Ernie Banks' family has announced that the Chicago Cubs Hall of Famer died after suffering a heart attack.
Banks, a two-time National League MVP who spent his entire major league career with the Cubs, died Friday at age 83.
The cause of his death was not announced until Sunday, when family attorney Mark Bogen revealed at a news conference that Banks died from the heart attack just seven days before his 84th birthday.
Banks' wife, Liz Banks, also was in attendance.
"It is certainly a sad day for us," she said. "I'd like to thank everyone for being here. ... He was very beloved and he is going to be dearly missed by family, friends and all of his fans."
The Cubs and the city announced later Sunday that a statue of Banks will be temporarily moved from outside Wrigley Field to downtown. It will be on display in Daley Plaza from Wednesday through Saturday.
A public visitation and then memorial service for Banks will be held this Friday and Saturday in Chicago, the team announced late on Monday.
The visitation will go from noon until 8 pm on Friday, Jan. 30 at Fourth Presbyterian Church at 126 E Chestnut St. while the memorial service will take place the next day at 10 am, according to a Cubs release. There will be limited public seating for the memorial on Saturday.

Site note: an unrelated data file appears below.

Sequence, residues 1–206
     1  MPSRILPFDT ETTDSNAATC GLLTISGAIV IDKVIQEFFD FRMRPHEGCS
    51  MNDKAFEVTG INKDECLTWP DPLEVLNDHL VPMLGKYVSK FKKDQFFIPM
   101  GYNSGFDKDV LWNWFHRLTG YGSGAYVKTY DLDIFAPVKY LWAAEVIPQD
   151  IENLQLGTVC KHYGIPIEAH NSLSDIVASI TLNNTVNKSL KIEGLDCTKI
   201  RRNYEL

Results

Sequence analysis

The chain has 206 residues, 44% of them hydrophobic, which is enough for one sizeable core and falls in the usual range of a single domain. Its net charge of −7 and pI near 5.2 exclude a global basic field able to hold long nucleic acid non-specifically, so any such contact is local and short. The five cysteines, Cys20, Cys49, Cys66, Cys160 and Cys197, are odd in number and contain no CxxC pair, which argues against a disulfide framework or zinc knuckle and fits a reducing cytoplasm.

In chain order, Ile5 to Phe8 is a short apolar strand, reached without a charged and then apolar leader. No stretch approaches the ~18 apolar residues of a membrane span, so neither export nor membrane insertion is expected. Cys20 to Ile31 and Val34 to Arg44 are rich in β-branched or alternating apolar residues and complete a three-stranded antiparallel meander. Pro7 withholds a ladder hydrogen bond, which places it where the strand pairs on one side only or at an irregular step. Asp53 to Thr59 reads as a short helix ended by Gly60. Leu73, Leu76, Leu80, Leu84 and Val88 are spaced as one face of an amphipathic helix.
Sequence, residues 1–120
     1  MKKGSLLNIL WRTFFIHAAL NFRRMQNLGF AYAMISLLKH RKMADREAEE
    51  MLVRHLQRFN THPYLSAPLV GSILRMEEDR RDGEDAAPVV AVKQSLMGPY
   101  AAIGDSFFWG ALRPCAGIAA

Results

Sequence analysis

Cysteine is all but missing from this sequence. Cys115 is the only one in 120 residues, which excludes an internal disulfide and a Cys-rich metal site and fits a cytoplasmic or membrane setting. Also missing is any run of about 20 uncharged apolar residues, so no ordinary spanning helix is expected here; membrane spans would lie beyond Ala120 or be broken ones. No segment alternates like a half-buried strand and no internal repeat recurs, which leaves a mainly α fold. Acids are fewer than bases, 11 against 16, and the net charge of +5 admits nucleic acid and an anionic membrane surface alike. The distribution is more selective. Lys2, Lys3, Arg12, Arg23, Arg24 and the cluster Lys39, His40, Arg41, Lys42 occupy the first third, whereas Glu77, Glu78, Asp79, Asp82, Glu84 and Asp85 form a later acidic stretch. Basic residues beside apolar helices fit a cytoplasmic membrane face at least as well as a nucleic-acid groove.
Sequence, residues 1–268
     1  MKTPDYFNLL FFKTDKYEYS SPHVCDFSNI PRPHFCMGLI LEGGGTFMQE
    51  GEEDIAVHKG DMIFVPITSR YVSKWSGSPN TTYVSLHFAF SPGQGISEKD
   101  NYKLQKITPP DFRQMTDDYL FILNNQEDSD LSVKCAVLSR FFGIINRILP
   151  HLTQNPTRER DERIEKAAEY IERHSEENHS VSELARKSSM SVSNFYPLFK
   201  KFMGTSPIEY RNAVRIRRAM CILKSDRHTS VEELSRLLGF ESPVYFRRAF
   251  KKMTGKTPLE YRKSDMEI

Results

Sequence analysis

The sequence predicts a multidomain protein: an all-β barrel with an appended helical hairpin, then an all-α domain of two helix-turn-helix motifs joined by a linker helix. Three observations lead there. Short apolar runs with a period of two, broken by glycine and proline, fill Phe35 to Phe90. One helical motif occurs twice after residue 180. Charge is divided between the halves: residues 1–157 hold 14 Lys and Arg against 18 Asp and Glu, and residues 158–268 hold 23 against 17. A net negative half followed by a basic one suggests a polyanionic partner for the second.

Banks hit 512 home runs during his 19-year career and was fond of saying, "It's a great day for baseball. Let's play two!'' That finish to his famous catchphrase adorns his statue outside Wrigley Field.
Although he played in 14 All-Star Games from 1953 to 1971, Banks never reached the postseason, and the Cubs finished below .500 in all but six of his seasons. Still, he was inducted into the Hall of Fame in 1977, the first year he was eligible, and selected to baseball's all-century team in 1999.
Banks' best season came in 1958, when he hit .313 with 47 homers and 129 RBIs. Although the Cubs went 72-82 and finished sixth in the National League, Banks edged Willie Mays and Hank Aaron for his first MVP award.
He was the first player from a losing team to win the NL MVP. Banks won the MVP again in 1959, becoming the first NL player to win it in consecutive years, even though the Cubs had another dismal year. Banks hit .304 with 45 homers and a league-leading 143 RBIs.
The Associated Press contributed to this report.